I wandered through the campus as there was one place I had heard about but thought my information couldn't be correct. But yes, here in the heart of the University campus is the second oldest surviving Jewish cemetery in England dating from 1726.

It was known as Novo or New Cemetery and was used by Spanish and Portuguese Jews who fled here in the 1700s to escape persecution in their own countries. It was formally closed in 1936 and in 1974 the University bought the land to expand the campus. It is preserved as a cemetery and is a place to reflect on the shared history of the site.

This building is part of Mile End Hospital on Bancroft Road. It used to be a workhouse used to house the poor. Sounds good in theory but the reality was somewhat different. Families were split up and both men and women were made to do menial worthless tasks in exchange for squalid conditions and poor food. Many preferred to live on the streets than in a workhouse. Workhouses  were abolished in 1929.

I decided to continue my exploration of the area by walking alongside the canal.

This fish sculpture  keeping an eye on the canal is made from scrap metal.

These warehouses were built in 1872 and were used to store lime juice brought to the warehouse along the canal.The buildings were rented by Dr Barnardo in 1876 . He converted them into London's largest 'Ragged School'. It was given this name because it provided free education and meals to London's poor and orphaned children. In 1983 the buildings were saved from demolition and became the Ragged School Museum.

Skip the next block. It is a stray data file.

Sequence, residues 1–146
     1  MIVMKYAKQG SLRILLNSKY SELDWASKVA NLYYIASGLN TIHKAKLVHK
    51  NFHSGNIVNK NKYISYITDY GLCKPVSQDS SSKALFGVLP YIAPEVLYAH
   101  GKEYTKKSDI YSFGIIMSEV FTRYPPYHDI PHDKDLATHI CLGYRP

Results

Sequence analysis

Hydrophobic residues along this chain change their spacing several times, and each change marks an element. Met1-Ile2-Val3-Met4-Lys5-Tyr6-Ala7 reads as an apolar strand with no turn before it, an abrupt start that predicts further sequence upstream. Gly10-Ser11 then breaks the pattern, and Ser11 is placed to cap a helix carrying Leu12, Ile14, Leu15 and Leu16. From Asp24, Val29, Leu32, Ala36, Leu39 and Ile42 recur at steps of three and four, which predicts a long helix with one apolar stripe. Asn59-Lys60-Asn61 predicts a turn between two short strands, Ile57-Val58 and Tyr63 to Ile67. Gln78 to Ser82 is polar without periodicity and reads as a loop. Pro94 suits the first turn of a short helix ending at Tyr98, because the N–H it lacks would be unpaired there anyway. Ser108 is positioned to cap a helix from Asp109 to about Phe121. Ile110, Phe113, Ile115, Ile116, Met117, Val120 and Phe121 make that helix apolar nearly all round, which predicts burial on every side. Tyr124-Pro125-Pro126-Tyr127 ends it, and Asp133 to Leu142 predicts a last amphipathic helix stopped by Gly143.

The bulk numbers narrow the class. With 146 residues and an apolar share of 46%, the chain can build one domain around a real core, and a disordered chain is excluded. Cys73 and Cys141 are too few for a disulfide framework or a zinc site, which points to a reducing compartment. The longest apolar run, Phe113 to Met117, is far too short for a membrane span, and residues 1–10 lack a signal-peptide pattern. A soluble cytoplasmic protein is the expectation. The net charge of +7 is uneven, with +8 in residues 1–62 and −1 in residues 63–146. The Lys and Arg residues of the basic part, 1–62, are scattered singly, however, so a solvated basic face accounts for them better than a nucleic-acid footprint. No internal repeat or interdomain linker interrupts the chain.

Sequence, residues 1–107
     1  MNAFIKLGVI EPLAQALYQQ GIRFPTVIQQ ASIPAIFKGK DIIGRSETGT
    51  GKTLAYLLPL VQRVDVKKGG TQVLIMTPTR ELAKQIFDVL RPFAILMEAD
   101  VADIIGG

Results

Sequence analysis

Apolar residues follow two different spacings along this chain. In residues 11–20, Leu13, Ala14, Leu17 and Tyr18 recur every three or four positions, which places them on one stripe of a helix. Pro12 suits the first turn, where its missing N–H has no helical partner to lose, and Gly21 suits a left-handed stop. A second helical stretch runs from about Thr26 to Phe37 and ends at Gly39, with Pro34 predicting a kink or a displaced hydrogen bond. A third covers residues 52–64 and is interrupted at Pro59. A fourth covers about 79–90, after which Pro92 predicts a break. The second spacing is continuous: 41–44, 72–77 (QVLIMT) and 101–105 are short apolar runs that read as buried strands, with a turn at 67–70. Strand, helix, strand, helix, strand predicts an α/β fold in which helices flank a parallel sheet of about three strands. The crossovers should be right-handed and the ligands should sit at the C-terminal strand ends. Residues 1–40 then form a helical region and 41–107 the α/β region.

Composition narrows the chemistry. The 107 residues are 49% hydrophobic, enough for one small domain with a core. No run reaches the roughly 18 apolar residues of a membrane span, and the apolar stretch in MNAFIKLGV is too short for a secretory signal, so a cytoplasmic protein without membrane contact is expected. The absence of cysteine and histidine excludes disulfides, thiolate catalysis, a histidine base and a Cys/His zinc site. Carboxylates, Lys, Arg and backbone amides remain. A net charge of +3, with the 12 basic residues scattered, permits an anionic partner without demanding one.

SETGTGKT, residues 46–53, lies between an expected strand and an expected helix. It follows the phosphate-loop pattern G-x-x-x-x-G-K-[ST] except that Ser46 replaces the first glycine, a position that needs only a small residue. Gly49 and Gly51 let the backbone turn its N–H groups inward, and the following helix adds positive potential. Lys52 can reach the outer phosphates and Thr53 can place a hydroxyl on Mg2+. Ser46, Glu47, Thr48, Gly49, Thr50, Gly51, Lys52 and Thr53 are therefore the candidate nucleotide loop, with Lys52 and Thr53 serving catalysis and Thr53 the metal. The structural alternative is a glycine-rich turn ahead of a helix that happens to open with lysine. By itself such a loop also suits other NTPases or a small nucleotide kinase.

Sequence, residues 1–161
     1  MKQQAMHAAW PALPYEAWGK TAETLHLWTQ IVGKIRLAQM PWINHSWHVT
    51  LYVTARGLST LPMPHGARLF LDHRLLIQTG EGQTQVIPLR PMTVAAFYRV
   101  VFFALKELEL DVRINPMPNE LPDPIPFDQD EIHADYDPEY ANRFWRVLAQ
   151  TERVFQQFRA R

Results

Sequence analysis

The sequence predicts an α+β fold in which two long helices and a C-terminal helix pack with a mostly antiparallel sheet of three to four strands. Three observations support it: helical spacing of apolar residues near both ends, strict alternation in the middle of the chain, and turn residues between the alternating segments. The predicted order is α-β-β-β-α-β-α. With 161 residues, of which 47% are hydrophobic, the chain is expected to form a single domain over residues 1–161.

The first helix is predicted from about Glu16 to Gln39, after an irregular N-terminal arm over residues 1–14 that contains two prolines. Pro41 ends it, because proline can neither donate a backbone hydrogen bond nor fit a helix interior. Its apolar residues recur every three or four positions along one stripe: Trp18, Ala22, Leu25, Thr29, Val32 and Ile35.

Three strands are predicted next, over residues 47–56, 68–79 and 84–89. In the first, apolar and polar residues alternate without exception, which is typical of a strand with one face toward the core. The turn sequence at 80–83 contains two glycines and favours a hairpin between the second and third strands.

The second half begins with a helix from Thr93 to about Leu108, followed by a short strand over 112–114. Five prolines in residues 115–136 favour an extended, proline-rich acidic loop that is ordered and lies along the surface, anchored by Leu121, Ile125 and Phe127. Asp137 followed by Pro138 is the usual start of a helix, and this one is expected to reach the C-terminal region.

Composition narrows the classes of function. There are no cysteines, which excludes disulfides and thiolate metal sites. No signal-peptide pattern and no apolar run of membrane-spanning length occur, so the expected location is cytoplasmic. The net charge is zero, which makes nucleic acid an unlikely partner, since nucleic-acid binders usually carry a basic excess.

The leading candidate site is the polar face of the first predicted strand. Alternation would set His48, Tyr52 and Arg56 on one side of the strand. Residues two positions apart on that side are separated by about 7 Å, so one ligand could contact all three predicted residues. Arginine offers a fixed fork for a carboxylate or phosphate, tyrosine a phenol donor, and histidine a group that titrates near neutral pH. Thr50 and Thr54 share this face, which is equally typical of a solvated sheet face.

Nowadays groups of schoolchildren dressed in ragged clothes can experience what it was like to be taught in the harsh environment of a Victorian schoolroom. From 1887 to 1908 tens of thousands of children were educated at this school. This was not the only ragged school in London. You can still see the name Ragged School on a few other Victorian buildings. Dr Barnardo's is still one of the UK's largest children's charities. More about his work in the post  Barkingside

I walked back to Mile End Station on the opposite side of the canal. Passing this housing estate I noticed a circular memorial set in the ground.

On the edge of the memorial is this inscription:
In memory of the Firewatchers who saved the gasholders in the early days of the Blitz.

This old photo shows the gas holders on the site of the Stepney Gas works. Because the Commercial Gas Company supplied gas to all the factories and warehouses along the North bank of the River Thames, Stepney Gas works was targeted during the early days of the London Blitz. Employees, many of whom lived near the gas works, had to take their turn as firewatchers during the bombing raids, They were keeping a look out for incendiaries landing on or near the gas holders and extinguishing them before they had a chance to do any damage.

In the middle of the housing estate are the remains of four pillars which held up one of the gasholders